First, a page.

As Essay in Scripture Prophecy, wherein it is endeavored to explain the three periods contained in the xiith chapter of the Prophet Daniel, with some arguments to make it probable that the first of the periods did expire in the year 1715. Printed in the year 1715. Author and place unknown.
Daniel, an Improved Version attempted, with a Preliminary Dissertation, and Notes, critical, historical, and explanatory. By Thomas Wintle, B. D., Rector of Brightwall, in Berkshire, and Fellow of Pembroke College. Oxford, 1792.
heathes (which ish Bible and lea" Hugh Brougblication of I
his joining ich is the stor Pounder
Hermanni Venema Commentarius, ad Danielis cap. xi. 4-45, et xii, 1–3. Leovardiæ, 1752.
A Chronological Treatise upon the Seventy Weeks of Daniel. By Benjamin Marshall, M. A., Rector Naunton, in Gloucestershire. London, 1725.
The Times of Daniel, Chronological and Prophetical, examined with relation to the point of contact between Sacred and Profane Chronology. By George, Duke of Manchester, London, 1845.
Prof. Stuart's Commentary on Daniel, Boston, 1850.
The following works are referred to by De Wette, Lehrbuch, pp. 378, 379, as valuable aids in interpreting Daniel :
Ephräm, d. S. Ausleg. des Proph. Daniel, Opp. ii. 203, seq.
Theodoret, Comment. in Visiones Dan. Proph. Opp. ed. Sculz. ï. 1053, seq.
Paraph. Josephi Jachidæ in Dan. c. Vers. et Annotatt. Const. l'Empereur. Amst. 1633.
Prælectt. Acad. in Dan. Proph. habitæ a Mart. Geir. Lips. 1667, ed. corr. 84.
H. Venem. Dissertatt. ad Vatice Danielis, c. ii. vii. et viii. Leov. 1745.
Chr. B. Michael. Annotatt. in Dan. in J. H. Michael. Ueberr. Annotatt. in Hagiogr. iii. 1, seq.
ARTICLE III. History of Greece. By GEORGE GROTE, Esq. Reprinted from the second
London edition. In eight volumes, 1852. A History of Greece. By the Right Rev. ConnOP THIRLWALL, Lord Bishop of St. David's. In two volumes. From the English edition, 1848.
The origin of the most perfect of languages is lost in obscurity. The formation of the most exquisite of all human instruments of thought and expression, by a remarkable dispensation of Divine Providence was assigned to a remote age beyond the reach of profane history, to a Pagan people, and to a land so minute, that if the waters of the Ægean and the Adriatic sweeping over it had mingled their waves, it would scarcely be missed from the map of the world. Yet how amazingly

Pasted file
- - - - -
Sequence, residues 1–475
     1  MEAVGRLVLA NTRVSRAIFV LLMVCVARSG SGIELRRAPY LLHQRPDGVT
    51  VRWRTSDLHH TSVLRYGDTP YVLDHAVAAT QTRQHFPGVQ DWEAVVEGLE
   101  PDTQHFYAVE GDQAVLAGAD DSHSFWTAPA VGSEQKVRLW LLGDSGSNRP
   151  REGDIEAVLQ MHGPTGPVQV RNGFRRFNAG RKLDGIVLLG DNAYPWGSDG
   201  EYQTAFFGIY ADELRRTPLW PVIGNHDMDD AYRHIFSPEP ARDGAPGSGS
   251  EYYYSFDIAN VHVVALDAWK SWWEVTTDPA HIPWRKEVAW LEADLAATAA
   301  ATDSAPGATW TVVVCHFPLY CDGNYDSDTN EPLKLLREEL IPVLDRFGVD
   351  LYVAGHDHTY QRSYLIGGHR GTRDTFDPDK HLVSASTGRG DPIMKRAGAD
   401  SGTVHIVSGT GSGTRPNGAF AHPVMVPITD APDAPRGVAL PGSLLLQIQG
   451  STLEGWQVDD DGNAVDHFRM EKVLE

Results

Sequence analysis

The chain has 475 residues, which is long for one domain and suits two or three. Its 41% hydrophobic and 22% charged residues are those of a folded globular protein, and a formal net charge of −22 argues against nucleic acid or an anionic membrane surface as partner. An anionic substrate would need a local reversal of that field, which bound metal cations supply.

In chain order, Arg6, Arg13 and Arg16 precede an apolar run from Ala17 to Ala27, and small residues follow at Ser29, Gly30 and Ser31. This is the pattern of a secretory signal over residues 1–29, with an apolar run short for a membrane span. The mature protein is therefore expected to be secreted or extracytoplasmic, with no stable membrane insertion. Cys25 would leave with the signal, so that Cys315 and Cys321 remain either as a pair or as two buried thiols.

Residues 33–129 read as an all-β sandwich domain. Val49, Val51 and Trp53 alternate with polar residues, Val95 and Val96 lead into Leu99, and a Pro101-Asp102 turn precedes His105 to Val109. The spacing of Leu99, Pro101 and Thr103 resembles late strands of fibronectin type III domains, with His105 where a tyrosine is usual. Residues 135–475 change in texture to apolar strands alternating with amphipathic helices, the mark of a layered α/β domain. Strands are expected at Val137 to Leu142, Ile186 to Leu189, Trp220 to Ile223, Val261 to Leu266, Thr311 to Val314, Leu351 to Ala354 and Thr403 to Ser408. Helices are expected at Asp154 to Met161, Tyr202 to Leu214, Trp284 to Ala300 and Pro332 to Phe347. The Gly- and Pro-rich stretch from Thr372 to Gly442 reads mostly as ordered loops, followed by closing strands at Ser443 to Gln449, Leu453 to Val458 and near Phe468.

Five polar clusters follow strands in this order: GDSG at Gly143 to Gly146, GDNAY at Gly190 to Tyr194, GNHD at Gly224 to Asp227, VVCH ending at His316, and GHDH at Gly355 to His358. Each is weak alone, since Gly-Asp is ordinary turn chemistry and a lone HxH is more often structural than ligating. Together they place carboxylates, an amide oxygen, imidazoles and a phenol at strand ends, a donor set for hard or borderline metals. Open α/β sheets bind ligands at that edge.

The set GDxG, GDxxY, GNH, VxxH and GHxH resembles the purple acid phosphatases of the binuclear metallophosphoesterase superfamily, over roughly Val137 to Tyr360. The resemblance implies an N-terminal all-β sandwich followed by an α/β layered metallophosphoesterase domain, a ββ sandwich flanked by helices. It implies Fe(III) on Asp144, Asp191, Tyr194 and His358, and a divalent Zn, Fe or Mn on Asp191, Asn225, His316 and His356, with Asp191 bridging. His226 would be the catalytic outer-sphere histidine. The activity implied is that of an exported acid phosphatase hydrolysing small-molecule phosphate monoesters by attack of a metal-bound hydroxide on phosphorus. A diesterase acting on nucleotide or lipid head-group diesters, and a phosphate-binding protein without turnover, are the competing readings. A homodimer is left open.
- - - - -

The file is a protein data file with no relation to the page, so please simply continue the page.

of nts of thoughton of the most languages
different that world would have been, had Greece never existed!
The name which we give to that wonderful people was of Roman origin. The people themselves did not call their land Grecian, nor themselves Greek. The source of the word is doubtful, though some suppose it to have been derived from Graicus, called the son of Thessalus. The Greeks called their land by the various names, Hellas, Achaia, Argos, &c., and themselves Argives, Hellenes, Ionians, &c. The most distinctive and appropriate names are undoubtedly Hellas and Hellenes.
That the Greeks descended from Japhet, seems quite certain. The evidence from Comparative Philology, to say nothing of that from any other source, is conclusive, and furnishes another interesting illustration of the fulfilment of prophecy. Some philologists find the name Ionian in Javan, the son of Japhet. The roots of the words are similar, though the etymology cannot perhaps be relied upon. The original inhabitants seem to have entered the land through Thrace, which corresponds well with the other evidence, that connects them with the ruling race whose cradle was the mountains which lie between the Euxine and Caspian Seas.